The Adventures of Huckleberry Finn Chapter 19 Summary

Instructor: Erica Schimmel

Erica has taught college English writing and literature courses and has a master's degree in children's literature.

Huck and Jim are happily back on their raft. Their peace does not last long, however, as two strangers find their way on board. In this summary, we will cover chapter 19 of Mark Twain's ''The Adventures of Huckleberry Finn.''

Peaceful Travels

After experiencing the deadly feud between the Grangerfords and Shepherdsons, Huck is safely back on the raft with Jim in chapter 19 of The Adventures of Huckleberry Finn. Several days quickly and easily pass, with Huck professing, 'I reckon I might say they swum by, they slid along so quiet and smooth and lovely.' Huck lays out their routines for the reader, explaining how he and Jim usually 'run nights, and laid up and hid day-times.'

Although Huck tells us they occasionally saw steamboats, or smaller rafts and other watercraft, his descriptions of the river convey a sense of silence. He acknowledges they would 'watch the lonesomeness of the river,' and often they would go long periods of time with 'nothing to hear nor nothing to see - just solid lonesomeness.' Rather than being lonely, however, Huck's descriptions seem to indicate that he feels more comfortable and peaceful on the river than living in a town with people.

'Here Comes a Couple of Men'

One morning, as Huck searches for berries by himself in a canoe, he is taken by surprise when he sees two men 'tearing up the path as tight as they could foot it.' Afraid they might be after him or Jim, Huck prepares to row away as fast as he can. Before he can leave, though, the men call out and ask him for help. They claim they are unfairly being chased. Huck instructs them on how to 'throw the dogs off the scent,' and allows them on board after they have followed his directions.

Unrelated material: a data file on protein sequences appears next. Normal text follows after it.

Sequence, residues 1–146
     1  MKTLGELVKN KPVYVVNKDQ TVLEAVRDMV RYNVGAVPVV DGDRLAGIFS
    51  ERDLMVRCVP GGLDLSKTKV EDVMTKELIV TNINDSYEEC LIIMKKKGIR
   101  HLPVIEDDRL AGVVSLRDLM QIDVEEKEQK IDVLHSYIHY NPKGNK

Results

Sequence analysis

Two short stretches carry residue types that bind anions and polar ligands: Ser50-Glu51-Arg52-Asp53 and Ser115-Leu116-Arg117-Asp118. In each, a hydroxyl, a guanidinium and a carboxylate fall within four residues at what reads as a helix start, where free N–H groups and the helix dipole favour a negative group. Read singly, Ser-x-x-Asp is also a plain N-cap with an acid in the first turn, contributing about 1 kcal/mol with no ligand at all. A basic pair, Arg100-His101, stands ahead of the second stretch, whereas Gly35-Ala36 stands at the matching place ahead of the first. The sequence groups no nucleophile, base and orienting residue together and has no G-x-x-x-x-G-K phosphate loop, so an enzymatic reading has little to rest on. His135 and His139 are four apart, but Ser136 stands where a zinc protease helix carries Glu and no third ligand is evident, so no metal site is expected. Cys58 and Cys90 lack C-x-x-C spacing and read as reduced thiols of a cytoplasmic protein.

The two men are fairly far apart in age. One is 'about seventy, or upwards,' while the other appears to be around thirty. Both men are dressed in ragged, dirty clothing. Huck notices that both have 'big, fat, ratty-looking carpet-bags.' After they eat breakfast, they begin talking with each other, and Huck learns that the two men do not know each other.

'What Got You Into Trouble?'

Huck listens as the two strangers get acquainted with each other. The younger of the two reveals he had been selling a tooth-cleaning paste that also happened to remove the tooth's enamel. He admits, 'I staid about one night longer than I ought to.' He was in the process of sneaking away when he met the older gentleman.

The older of the two men explains how he had been 'a-runnin' a little temperance revival' meeting. He claims he was a favorite of the townspeople, and his business had been growing rapidly. However, word got out that he was a drunk. In reference to the townspeople, he states, 'they'd tar and feather me and ride me on a rail' if they were to catch him. After sharing their stories, the two con artists decide to work together as a team.

Identities Revealed

The men fall silent for a short time. Soon, the younger of the two men sighs loudly, begins to wipe at his eyes, and moans about how far he has fallen. Though he insists it's his own fault, and he deserves his misery, he continues to make a fuss while the older gentleman questions his crying. The younger man insists they will not believe him, but finally decides he can trust them with the 'secret of his birth.' He proudly claims to be the Duke of Bridgewater.

Huck and Jim are shocked, and they feel sympathy for the distressed Duke. He insists he cannot be consoled, but admits it would feel good if they were to wait on him and do anything he asks. He would not mind if they bowed to him, nor if they called him 'Your Grace' or 'My Lord.' Or, they could call him 'Bridgewater,' he suggests, which is his formal title.

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